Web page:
[00:13:39]Â Daniel Alvarado:Â Yeah, what’s funny is I think people don’t understand that when you make a change, you’re ready for me to change. It’s almost like everything around you as it tries to disrupt you and disrupt you. Suppose this isn’t worth it. Only the best things in life come with, I think, not necessarily adversity, but just a positive attitude perspective on things; you know, everything changed. Do you think that is going to sabotage you? You can see it as sabotage, or you can perceive it as just a way to go around you, and you’ve got to take a detour. It’s going to be two extra minutes with the detour but take it. Don’t wrap yourself around it so much, saying, “Oh, the universe is against me, and everybody hates me.” If you keep taking that route, then yeah, the universe will be against you, and you think everybody will hate you for the rest of your life. But if you can just kind of kick the bucket out of the way and be like, “Oh, I almost tripped on it,” but it’s kicked out of the way, we go forward and kind of take things kind of lightly and understand that, you know? A flat tire is not the end of the world or anybody else who hates you. It is just a flat tire, you know? Right. That’s all it is. Your car breaking down is sometimes just your vehicle breaking down or just things out of your control. There’s not so much thought that you have to put into it. You just kind of have to keep moving forward and progressing. I know it sounds kind of like, Oh, it’s easy for you to say, no, it’s not easy for me to say because I deal with that daily myself, behind the curtains of understanding that I have a job to do of motivating and helping people as best they can. So once that 5:00 a.m. hits, I got to put all my emotions aside and do what I have to do as best as I can for that day because people depend on me. So no, it’s not the easiest thing for me, but the best thing for me to do is keep progressing forward, keep moving forward because if I stay where I’m at, I will never make any progress forward. Plain and simple.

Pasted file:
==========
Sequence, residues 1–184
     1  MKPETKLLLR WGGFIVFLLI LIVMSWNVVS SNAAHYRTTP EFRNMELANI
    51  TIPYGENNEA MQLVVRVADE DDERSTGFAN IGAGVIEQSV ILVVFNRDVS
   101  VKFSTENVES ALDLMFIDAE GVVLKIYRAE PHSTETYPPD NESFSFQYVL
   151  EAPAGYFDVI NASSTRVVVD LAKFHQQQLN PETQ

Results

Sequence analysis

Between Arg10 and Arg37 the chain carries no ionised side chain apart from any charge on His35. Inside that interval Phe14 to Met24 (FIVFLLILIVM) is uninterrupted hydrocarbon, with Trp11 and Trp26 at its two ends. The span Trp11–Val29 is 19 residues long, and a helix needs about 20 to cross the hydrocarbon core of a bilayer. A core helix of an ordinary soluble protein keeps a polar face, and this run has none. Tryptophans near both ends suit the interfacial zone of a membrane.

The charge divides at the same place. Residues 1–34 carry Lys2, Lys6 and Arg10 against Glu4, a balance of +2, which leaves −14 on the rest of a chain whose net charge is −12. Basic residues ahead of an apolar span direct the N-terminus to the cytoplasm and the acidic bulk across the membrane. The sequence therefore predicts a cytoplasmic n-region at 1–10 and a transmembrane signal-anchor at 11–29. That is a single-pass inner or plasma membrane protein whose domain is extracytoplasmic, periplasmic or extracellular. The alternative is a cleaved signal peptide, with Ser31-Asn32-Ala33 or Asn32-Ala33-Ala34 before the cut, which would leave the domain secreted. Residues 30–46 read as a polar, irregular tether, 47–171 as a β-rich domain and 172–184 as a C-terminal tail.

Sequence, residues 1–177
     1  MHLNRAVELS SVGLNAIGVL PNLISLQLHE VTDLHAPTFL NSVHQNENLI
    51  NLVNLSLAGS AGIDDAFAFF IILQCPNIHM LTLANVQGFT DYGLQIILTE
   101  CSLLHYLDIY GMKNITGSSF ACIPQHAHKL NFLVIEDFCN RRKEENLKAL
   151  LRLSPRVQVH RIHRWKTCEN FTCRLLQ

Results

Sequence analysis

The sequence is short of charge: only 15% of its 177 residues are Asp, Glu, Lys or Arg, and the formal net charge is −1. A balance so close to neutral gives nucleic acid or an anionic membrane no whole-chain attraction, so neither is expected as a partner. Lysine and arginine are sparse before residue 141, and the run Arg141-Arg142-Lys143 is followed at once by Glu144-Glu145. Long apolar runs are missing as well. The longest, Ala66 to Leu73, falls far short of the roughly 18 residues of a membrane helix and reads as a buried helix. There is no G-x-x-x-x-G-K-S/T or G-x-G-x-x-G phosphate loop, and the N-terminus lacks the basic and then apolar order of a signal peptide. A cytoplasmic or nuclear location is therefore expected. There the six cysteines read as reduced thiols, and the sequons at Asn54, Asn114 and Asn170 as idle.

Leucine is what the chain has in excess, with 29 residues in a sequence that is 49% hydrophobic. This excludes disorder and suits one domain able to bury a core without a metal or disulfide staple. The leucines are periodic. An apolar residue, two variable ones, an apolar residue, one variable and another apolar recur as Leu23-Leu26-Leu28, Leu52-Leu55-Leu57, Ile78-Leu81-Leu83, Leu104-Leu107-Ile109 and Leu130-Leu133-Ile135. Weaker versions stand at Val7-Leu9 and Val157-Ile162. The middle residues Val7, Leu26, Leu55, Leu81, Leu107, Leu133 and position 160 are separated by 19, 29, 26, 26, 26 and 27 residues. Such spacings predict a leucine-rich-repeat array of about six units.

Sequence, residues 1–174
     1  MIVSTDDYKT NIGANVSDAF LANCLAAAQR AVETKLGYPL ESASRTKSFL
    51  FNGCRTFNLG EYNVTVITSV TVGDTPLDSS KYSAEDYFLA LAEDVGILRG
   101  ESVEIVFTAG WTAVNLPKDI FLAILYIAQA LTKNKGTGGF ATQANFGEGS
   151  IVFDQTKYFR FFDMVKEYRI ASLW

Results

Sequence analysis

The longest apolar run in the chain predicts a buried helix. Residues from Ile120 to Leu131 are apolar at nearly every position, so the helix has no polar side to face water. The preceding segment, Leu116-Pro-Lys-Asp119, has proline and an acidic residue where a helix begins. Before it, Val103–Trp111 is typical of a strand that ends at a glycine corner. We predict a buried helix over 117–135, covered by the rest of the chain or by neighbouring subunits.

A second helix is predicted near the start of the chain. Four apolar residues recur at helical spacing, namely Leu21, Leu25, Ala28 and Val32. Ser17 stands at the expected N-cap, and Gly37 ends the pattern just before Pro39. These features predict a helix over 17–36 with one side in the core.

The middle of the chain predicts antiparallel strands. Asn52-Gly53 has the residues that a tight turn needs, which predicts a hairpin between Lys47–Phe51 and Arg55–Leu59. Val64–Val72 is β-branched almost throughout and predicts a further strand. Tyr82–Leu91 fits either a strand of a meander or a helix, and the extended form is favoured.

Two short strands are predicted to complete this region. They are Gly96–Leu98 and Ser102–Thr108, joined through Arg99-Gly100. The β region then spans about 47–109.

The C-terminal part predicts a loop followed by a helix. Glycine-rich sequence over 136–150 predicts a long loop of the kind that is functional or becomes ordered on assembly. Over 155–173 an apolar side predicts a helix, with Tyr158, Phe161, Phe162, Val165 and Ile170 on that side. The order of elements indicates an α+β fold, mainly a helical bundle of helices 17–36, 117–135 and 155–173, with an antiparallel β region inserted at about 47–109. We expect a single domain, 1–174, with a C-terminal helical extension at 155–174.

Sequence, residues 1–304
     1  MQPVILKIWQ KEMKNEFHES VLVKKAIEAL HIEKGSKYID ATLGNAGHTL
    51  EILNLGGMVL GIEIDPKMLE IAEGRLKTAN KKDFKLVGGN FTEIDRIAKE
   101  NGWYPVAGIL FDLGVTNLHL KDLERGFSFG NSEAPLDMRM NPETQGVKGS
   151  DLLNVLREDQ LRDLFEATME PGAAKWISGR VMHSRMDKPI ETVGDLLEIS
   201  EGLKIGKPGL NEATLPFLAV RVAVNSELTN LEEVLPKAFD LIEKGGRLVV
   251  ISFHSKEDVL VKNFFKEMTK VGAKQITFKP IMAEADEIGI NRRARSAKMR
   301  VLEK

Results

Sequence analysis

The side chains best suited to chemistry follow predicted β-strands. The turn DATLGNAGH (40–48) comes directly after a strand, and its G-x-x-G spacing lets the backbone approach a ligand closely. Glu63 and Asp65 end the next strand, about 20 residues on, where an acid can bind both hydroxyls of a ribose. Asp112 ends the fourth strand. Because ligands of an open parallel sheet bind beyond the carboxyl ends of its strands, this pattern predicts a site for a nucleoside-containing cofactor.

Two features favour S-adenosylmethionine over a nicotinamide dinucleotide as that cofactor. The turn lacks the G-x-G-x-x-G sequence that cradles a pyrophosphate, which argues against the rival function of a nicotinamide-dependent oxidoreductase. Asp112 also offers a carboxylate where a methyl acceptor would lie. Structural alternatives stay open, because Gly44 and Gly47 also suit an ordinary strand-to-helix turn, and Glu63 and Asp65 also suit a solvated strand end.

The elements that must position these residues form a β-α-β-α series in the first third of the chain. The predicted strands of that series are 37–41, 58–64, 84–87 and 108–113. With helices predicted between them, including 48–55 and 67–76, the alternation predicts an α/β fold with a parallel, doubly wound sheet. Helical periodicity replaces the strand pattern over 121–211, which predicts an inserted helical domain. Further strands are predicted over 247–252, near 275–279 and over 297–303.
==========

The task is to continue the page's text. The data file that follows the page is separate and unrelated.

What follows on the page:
Dr. Alex Jimenez and Daniel Alvarado discuss how the right mindset helps with weight loss.
[00:16:00]Â Dr. Alex Jimenez DC*:Â To that point, Daniel, I have always told my patients if when you’re going to do a change your life, do it, push through your ideas. And there’s a school of thought that says, “Hey, you shouldn’t tell people what you’re going to do, just do it.” I like that school of thought because sometimes when you tell people certain things, someone out there will get in the way of giving you a vulnerability or exposing a place or crack where you’ll delay what you do. So I tell people it seems kind of crazy when just do it, but just do it go and make it happen, right? You know, and I sometimes know when those people call, it’s almost they’ve got inspiration at that moment. And I want them to know that this place is ready to hold and talk to them. It was really to share with them the process of changing. And that’s a cool thing. What kind of minds do people have in terms of resilience or push through in this process?